Some news reports also indicate that the U.S. Attorney extended parole for Veselnitskaya. Again, wrong. CBP issues and extends paroles, not the U.S. Attorney. Certainly, if the U.S. Attorney vouches for the need for someone to be in the United States, it influences the decision to grant or extend parole, but the decision is CBP’s. Finally, stories find something nefariousness in Ms. Veselnitskaya’s having been denied a visa and then later getting one. She was certainly fortunate to get the visa, but it is not rare. It happens all the time. Suppose, for example, Ms. Veselnitskaya went to the consulate and asked for a  B-1 visitor for business or B-2 visitor for pleasure visa to come to the United States. A consular officer, who spends about two minutes per applicant, asks why she wants the visa. She might explain how she is representing someone in a court case in the United States or she is coming to lobby for poor Russian orphans who cannot come to the United States because her President (Putin) won’t let them out of Russia because he is upset about a law Congress passed after someone was murdered in jail. The consular officer may be concerned that she has come to the U.S. too often or for too long to really be a visitor or that she is coming for remunerative purposes (she will be paid for her work). Visa denied. However, if she goes back to the consulate a few months later and shows that she was paroled for specific purposes and departed as required and brings proof she will not be working in the United States, including, say, letters from prominent people that her presence in the United States is not in violation of B-1/B-2 purposes, she could get a visa. This would be ust like if your foreign sister is initially denied a visa to the United States because a consular officer thinks she wants to live in the United States, but she goes back later with a letter from you explaining that you haven’t seen her in five years and want to take her to Disneyland and she brings proof she is a wealthy brain surgeon in her country, the officer can change his mind.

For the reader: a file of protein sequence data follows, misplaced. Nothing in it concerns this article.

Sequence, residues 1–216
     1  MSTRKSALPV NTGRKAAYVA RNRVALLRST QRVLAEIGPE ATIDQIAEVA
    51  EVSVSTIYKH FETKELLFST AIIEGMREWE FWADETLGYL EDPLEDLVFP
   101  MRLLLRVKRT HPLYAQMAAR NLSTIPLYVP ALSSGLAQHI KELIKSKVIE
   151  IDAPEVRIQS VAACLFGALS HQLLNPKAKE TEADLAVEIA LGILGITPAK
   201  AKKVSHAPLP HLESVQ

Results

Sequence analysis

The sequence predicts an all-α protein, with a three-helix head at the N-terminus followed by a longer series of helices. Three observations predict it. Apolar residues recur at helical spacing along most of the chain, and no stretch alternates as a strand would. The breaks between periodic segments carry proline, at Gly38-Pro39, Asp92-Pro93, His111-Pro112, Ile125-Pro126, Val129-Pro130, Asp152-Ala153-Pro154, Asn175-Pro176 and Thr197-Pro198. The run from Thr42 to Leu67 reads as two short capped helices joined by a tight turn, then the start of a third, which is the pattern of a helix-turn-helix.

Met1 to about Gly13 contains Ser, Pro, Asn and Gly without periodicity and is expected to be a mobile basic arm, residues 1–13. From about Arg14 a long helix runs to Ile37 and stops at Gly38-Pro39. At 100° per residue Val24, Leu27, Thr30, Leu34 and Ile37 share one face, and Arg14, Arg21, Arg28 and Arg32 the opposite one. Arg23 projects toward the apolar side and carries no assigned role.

Finally, the articles discuss how parole is rare, as if to be paroled it requires divine provenance or President Obama’s intercession to make it happen. The reality is asylum seekers, criminals and witnesses to crimes, people with emergency medical needs, and people coming for special events are paroled all the time. The authority for it is statutory, found at INA § 212(d)(5). That is not to say that some paroles are not controversial. In past years, paroling asylum seekers was more or less routine and now has become nearly impossible pursuant to recent executive orders and agency memoranda. A dark tale for another day.

In coming days we will learn a lot more about Ms. Veselnitskaya and what she has been up to. We will learn details about how the Russian government influenced our election and how much (or little) the Trump campaign and President Trump was involved in this. What we will not learn more about is nefarious use of parole or visa-issuance authority to let Ms. Veselnitskaya into the United States. There was nothing magical about Ms. Veselnitskaya being paroled or subsequently issue a visa. The slight of hand is the fake news story of something nefarious having happened to allow Ms. Veselnitskaya’s presence in the United States to have you take your eye off the ball – Russians, President Trump, and our election. Post July 16, 2017.